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Robert Wright has gone so far as to title his 2009 book The Evolution of God[1]. Wright suggests that God (or at least the human concept of God), has evolved throughout human history, and will continue to evolve. While this is an unsettling hypothesis for religious believers to consider, Wright is actually quite sympathetic to the value religion brings to human society and guardedly optimistic about its future. Religion has been the predominant source of moral order in human civilizations – and moral order has been the basis by which humanity has advanced. Only by learning to trust those beyond family can we engage in what Wright refers to as “non zero sum games” by which both sides benefit from cooperation. Materially and morally, humanity is much better off today than it was in past millennia, and religion has played a key role in this progress.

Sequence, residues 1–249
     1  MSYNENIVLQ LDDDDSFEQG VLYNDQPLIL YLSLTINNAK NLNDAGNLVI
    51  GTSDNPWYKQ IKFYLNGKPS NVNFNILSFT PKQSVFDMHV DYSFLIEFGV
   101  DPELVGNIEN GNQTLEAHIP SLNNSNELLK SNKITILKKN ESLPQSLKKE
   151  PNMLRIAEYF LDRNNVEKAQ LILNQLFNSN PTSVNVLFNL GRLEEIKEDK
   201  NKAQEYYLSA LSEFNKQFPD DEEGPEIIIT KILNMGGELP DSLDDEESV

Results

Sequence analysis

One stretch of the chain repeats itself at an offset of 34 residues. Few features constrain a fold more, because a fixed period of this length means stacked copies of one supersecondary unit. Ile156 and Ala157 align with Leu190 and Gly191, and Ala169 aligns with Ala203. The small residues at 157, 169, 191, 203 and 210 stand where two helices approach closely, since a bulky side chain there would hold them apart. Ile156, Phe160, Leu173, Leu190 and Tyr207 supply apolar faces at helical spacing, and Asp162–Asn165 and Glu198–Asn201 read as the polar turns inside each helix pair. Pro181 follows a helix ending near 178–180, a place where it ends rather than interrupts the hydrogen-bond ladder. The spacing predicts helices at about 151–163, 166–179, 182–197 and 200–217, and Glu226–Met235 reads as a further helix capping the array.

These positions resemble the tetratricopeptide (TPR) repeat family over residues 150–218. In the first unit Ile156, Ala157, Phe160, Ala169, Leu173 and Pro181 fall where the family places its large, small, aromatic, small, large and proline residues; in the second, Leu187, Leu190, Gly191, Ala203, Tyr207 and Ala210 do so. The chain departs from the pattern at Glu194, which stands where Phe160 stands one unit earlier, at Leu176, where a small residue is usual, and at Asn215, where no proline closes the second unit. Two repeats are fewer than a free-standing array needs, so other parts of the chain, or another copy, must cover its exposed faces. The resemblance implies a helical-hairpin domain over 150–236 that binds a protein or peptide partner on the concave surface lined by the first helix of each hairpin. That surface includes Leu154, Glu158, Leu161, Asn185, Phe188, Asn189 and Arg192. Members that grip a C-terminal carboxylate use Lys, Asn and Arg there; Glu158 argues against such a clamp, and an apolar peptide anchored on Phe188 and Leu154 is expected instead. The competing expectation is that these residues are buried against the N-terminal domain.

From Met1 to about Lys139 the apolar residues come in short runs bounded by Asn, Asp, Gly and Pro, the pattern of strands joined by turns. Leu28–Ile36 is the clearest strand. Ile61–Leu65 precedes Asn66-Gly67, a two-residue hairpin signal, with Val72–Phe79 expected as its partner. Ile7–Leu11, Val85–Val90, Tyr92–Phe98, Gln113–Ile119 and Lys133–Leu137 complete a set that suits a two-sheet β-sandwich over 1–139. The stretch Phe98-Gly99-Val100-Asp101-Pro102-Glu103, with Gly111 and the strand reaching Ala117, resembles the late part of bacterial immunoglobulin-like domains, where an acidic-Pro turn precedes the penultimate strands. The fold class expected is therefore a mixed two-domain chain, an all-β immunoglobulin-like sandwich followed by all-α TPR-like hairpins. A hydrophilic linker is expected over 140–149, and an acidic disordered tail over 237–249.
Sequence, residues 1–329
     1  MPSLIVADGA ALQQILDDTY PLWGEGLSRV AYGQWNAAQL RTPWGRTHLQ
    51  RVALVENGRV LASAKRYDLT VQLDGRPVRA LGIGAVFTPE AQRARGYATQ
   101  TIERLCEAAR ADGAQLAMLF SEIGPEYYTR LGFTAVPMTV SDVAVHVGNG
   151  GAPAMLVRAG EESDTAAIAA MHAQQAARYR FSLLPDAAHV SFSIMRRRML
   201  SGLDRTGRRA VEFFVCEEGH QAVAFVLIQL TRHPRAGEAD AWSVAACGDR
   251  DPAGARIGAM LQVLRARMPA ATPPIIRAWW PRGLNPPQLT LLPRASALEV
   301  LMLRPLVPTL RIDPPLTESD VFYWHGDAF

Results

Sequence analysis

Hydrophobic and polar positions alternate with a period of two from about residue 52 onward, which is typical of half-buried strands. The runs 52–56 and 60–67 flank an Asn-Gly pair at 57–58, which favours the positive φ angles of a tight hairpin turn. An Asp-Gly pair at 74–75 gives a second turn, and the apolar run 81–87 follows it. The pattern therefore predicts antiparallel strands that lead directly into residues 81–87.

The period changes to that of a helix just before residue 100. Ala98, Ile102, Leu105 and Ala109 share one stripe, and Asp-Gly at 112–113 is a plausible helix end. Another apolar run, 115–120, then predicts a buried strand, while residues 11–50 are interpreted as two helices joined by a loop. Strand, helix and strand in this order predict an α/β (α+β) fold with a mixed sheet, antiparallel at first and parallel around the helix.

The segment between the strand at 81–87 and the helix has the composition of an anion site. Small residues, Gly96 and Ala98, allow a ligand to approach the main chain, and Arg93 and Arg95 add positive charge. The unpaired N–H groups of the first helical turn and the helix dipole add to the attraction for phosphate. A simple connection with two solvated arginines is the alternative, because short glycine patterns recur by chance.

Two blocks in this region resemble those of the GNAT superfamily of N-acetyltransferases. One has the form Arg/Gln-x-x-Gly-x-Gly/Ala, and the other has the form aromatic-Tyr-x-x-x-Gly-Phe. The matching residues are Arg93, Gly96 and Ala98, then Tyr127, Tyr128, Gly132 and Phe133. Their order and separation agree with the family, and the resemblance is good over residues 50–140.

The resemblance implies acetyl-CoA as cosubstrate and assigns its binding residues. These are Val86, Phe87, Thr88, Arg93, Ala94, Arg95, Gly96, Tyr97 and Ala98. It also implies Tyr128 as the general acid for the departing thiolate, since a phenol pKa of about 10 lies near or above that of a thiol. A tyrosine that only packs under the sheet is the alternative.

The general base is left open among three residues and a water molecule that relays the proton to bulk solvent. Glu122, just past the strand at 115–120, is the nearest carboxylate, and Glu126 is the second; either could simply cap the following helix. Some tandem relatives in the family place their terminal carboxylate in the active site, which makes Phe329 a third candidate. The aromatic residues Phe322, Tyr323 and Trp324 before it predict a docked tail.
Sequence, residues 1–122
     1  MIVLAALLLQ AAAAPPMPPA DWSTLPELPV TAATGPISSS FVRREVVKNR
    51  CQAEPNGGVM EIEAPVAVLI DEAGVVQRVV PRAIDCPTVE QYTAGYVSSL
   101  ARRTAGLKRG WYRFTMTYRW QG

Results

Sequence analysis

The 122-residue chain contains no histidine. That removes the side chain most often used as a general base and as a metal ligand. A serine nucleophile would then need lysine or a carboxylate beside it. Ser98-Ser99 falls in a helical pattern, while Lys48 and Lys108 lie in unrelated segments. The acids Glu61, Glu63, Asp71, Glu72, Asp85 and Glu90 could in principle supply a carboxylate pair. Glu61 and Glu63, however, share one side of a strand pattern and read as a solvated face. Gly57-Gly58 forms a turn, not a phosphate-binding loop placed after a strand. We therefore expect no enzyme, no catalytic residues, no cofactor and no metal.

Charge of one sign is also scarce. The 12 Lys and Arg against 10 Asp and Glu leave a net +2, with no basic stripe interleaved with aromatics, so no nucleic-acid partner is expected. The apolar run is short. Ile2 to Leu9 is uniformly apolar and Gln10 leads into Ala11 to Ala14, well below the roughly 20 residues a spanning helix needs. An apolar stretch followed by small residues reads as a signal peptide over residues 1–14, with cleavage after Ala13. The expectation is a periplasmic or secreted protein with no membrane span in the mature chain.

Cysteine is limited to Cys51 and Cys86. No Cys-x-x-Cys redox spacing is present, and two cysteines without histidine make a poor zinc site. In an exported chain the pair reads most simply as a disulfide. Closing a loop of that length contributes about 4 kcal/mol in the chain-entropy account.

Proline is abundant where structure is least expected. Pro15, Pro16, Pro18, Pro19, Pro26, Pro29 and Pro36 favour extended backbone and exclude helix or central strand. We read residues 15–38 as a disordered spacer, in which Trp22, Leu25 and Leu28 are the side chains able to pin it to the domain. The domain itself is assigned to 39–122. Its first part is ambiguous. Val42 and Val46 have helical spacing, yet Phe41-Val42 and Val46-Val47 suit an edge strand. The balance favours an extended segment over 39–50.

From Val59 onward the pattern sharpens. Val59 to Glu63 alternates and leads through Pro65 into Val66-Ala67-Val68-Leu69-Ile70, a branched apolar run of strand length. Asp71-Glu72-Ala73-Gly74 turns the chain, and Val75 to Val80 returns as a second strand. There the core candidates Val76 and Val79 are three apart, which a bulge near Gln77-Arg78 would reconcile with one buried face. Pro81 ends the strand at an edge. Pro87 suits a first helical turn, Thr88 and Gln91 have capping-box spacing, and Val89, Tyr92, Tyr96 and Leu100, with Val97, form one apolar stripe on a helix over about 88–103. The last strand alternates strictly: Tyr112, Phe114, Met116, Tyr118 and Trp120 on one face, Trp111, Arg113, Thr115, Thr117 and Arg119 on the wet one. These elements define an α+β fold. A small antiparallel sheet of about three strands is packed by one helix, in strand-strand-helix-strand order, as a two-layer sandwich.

The evolution of God has, according to Wright, taken place through a process involving conflicts between increasingly larger groups of humans. The groups who are better able to commit to common goals and cooperate with their compatriots – as a result of a shared worldview and morality inspired by religion – are more successful and thus propagate that worldview. Thus we see a process of natural selection at work: variation in religious beliefs and selection in the form of competition against other cultures with different beliefs. Religion has evolved in ways that have helped humanity be more cooperative, and more successful. One recent headline expressed the view that “big societies need big gods.” Large societies depend on more abstract moral norms and thus benefit from “moralizing gods that care about how people treat one another and will punish those who are selfish and cruel.”[2]